The blogs on our website reflect local life in very special ways. We all know our lives have changed over the last few months and some of our blog writers tell the story of their own challenges and responses. Our picture editor, Nancy Murgatroyd, picks some highlights from our most recent postings.
Chiddenbrook Lane, leading from the surgery in Crediton across undulating hills to Hollacombe Cross, is well known to many Kirtonians. But years ago, it was also the favourite walk of Dame Margot Fonteyn. Tom Davies describes how he discovered that the prima ballerina used to enjoy walks past his house at Middle Hollacombe and how she revealed some fascinating history about his home.
Cheriton Fitzpaine lost 14 local men to World War One. Tom Mildon died of his injuries but is not included on the village war memorial because his death occurred so long afterwards. Elly Babbedge tells his sad story.
After the Church of England was formed in the 16th Century and Protestantism became the official religion of the country, many people refused to convert and maintained their Catholic faith. This was particularly true in Devon and Cornwall, where people were frequently described as ‘popish’ because of their allegiance to the Pope. Here Dylan Bilyard describes how in 1549 Crediton became the focus of a Catholic rebellion with some terrible consequences.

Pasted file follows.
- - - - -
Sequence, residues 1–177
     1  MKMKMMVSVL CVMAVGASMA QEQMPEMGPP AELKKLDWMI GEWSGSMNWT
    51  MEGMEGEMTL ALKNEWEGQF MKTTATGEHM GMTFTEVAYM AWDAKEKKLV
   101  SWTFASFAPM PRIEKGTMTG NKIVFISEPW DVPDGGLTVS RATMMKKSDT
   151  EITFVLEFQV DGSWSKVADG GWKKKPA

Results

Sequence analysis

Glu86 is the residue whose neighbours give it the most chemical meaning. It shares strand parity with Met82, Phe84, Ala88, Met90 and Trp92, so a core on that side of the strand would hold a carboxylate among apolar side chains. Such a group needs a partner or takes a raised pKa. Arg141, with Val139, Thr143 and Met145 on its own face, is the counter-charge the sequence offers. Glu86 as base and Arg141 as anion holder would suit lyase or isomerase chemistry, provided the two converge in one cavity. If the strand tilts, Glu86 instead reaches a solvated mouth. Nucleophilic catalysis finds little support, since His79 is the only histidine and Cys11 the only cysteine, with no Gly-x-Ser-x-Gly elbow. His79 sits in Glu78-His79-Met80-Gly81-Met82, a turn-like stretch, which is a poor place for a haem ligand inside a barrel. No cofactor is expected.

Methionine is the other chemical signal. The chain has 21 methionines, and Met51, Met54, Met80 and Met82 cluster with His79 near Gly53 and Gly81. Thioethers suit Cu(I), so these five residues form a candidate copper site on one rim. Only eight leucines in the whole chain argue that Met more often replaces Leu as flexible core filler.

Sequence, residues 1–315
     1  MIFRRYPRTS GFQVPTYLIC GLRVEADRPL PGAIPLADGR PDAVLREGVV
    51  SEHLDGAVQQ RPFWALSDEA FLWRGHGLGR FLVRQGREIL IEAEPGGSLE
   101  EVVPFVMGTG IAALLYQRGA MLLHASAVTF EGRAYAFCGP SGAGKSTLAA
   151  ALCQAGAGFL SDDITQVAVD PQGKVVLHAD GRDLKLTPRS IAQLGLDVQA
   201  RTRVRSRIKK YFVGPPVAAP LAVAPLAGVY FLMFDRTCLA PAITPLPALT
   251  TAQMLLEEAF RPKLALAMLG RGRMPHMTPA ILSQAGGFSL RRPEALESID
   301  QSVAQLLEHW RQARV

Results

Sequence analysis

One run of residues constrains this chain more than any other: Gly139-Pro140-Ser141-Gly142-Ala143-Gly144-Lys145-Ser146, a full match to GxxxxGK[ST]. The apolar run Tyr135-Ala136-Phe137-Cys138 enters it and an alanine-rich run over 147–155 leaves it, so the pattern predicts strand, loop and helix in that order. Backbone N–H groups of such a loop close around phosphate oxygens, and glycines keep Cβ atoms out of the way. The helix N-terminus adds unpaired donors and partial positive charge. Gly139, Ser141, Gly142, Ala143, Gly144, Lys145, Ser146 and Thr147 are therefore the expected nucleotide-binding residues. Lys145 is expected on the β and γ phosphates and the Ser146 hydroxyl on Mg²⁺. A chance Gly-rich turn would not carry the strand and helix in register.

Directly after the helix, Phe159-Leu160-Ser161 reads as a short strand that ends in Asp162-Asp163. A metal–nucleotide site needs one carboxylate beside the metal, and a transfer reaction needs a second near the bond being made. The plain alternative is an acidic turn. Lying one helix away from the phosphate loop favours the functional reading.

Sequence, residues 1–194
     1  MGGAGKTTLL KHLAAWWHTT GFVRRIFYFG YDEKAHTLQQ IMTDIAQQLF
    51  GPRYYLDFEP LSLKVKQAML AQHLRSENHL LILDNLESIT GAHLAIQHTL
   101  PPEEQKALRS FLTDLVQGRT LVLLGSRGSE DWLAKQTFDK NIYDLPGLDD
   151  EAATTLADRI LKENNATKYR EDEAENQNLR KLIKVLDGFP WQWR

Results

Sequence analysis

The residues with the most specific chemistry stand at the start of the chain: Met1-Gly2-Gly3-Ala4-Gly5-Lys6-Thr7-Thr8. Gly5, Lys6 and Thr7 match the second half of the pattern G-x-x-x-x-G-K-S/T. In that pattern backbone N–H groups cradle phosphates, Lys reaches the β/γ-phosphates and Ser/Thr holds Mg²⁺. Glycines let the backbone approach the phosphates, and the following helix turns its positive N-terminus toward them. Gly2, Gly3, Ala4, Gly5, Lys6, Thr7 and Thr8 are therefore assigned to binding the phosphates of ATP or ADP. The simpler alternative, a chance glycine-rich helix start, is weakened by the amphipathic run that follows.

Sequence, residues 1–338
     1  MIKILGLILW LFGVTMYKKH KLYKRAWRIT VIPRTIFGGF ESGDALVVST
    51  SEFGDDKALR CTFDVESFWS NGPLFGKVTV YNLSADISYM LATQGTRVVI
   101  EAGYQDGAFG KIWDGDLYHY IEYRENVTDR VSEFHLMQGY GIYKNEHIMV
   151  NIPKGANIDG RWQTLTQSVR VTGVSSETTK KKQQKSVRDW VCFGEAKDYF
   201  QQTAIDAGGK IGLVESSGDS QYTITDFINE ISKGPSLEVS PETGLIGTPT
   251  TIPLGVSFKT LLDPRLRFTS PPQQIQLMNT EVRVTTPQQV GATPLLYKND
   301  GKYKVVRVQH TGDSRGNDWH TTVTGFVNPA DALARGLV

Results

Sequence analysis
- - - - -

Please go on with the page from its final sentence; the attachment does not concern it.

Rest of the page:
In the mid 19th Century Crediton had earned a reputation for its many fires. In the second of her reports, Elly Babbedge continues to describe the succession of fires, which describes how inns, cottages and workshops were particularly susceptible to catching fire.
The great fire of Crediton in 1743, when most of the High Street was destroyed, has been well documented. But less well known are the spate of fires to hit the town in the mid 19th century. In a two part report, Elly Babbedge describes these fires and asks whether they were accidental or deliberate.
Samuel Dunn started life as a weaver in Crediton, but went on to become an eminent 18th century mathematician and astronomer. He also founded a school in Crediton which played a significant role in the education of young people until it merged with Queen Elizabeth School in the early 20th century. Elly Babbedge explores newspaper reports and other sources to tell the story of Dunn’s School.